The Austin Chronicle

This Film Is Not Yet Rated

Not rated, 97 min. Directed by Kirby Dick.

REVIEWED By Marjorie Baumgarten, Fri., Sept. 22, 2006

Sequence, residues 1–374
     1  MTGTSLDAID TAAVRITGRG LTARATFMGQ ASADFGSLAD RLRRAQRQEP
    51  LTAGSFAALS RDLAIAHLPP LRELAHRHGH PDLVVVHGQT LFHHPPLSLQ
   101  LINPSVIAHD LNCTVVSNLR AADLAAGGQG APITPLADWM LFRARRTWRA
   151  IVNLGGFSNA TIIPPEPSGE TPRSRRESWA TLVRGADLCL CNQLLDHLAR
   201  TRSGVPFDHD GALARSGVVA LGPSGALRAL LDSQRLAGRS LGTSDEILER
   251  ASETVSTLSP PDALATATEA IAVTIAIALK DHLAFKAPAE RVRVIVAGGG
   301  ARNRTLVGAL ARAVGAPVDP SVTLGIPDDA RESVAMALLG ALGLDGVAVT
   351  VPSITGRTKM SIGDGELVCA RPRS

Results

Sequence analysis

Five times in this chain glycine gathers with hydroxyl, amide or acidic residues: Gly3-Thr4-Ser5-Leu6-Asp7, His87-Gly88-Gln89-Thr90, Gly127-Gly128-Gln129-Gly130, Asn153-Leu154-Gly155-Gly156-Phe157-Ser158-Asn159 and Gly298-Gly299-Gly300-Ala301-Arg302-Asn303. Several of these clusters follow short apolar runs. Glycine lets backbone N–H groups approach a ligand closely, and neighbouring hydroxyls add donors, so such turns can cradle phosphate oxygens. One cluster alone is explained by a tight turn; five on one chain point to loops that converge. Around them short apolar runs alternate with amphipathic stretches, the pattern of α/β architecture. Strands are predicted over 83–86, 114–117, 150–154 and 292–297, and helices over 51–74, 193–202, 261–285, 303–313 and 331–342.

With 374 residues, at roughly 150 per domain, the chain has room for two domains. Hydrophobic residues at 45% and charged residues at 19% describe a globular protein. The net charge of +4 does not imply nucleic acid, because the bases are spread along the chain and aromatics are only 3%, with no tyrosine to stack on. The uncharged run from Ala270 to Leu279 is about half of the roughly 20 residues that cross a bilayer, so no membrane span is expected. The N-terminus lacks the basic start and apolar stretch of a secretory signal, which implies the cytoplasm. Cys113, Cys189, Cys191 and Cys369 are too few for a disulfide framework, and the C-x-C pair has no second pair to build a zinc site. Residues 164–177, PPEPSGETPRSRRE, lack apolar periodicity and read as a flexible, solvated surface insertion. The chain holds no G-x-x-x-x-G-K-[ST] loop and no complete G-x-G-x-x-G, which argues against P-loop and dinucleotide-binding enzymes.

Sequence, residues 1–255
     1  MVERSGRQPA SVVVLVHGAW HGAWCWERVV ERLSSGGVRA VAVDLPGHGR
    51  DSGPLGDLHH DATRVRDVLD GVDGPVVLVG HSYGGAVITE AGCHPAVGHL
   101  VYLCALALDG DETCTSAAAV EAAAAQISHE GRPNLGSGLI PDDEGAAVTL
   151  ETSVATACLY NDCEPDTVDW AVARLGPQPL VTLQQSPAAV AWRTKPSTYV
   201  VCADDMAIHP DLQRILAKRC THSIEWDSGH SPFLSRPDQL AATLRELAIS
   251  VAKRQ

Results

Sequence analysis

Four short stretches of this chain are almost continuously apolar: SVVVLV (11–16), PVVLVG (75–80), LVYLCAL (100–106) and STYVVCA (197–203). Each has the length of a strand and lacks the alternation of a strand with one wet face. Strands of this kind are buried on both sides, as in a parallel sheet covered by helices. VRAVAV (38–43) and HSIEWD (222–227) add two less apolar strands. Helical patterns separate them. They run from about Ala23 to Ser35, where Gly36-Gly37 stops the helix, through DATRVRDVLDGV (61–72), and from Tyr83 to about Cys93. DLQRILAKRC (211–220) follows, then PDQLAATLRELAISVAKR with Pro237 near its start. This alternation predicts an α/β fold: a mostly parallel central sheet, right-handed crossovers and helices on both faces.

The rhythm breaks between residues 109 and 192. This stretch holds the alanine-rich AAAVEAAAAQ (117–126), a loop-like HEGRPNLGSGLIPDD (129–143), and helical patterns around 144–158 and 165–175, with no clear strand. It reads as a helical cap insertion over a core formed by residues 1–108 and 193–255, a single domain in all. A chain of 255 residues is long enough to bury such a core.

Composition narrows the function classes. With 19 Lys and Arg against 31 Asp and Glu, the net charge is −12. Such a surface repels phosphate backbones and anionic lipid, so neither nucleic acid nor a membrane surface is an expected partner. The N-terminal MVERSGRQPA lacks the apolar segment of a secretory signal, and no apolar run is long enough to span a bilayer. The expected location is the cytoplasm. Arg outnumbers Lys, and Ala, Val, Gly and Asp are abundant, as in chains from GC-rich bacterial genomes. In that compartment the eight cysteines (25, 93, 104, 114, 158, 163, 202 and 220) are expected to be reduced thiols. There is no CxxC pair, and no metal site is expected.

The MPAA – the Motion Picture Association of America: Everyone complains about the perceived shortcomings of Hollywood's movie-ratings board, but nobody does anything. Nobody, that is, until activist documentarian Kirby Dick, who here makes a movie that seeks to expose the standards and practices of this notoriously insular agency. By design, this board that assigns ratings to films according to their suitability for various age groups is an anonymous panel. It was formed by an association of Hollywood producers as a self-censoring measure to stave off more odious forms of censorship by governmental agencies. The membership of the board is kept secret from both the public and directors seeking appeals. Dick brazenly sets out to do what no one has achieved before: expose the identities of the board members. In order to do this, he hires a couple of private detectives. Their stake-outs and reconnaissance missions make for very entertaining and engaging cinema. While not accompanying the women, Dick visits with various filmmakers and their advocates to gather stories and examples of the inconsistent standards and erratic rulings of the ratings board. He talks to filmmakers such as Atom Egoyan and Darren Aronofsky, whose brows slope toward the high and others whose brows slope decidedly low, such as Kevin Smith and John Waters. The examples provided are illuminating and discussions of things like the allowable number of pelvic thrusts is de rigueur. Some other interviewees include Allison Anders, David Ansen, Jamie Babbit, Maria Bello, Stephen Farber, Martin Garbus, Mary Harron, Wayne Kramer, Kimberly Peirce, and Matt Stone. Ultimately, Dick seems to take more pleasure in torpedoing the system rather than offering constructive criticism. He chooses not to examine other aspects of collusion, including the exhibitors, the newspaper chains that won't print ads for NC-17 movies, the willing self-censorship of the producers association, and the viewers themselves. Yet, like it or not, the MPAA ratings is a system in which we all participate – which makes this film important to see if anything is ever going to change.

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